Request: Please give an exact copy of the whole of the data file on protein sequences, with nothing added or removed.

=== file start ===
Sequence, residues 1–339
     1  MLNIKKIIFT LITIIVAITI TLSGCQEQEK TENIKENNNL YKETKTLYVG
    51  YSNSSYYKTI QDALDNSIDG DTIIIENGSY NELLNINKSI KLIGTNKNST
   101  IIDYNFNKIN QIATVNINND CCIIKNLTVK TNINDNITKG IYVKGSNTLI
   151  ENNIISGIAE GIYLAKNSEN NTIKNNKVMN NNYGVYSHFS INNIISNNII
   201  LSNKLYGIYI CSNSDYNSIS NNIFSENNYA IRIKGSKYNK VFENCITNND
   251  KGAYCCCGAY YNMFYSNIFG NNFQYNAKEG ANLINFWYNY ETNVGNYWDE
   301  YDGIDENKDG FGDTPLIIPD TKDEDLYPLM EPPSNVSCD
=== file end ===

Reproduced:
Sequence, residues 1–339
     1  MLNIKKIIFT LITIIVAITI TLSGCQEQEK TENIKENNNL YKETKTLYVG
    51  YSNSSYYKTI QDALDNSIDG DTIIIENGSY NELLNINKSI KLIGTNKNST
   101  IIDYNFNKIN QIATVNINND CCIIKNLTVK TNINDNITKG IYVKGSNTLI
   151  ENNIISGIAE GIYLAKNSEN NTIKNNKVMN NNYGVYSHFS INNIISNNII
   201  LSNKLYGIYI CSNSDYNSIS NNIFSENNYA IRIKGSKYNK VFENCITNND
   251  KGAYCCCGAY YNMFYSNIFG NNFQYNAKEG ANLINFWYNY ETNVGNYWDE
   301  YDGIDENKDG FGDTPLIIPD TKDEDLYPLM EPPSNVSCD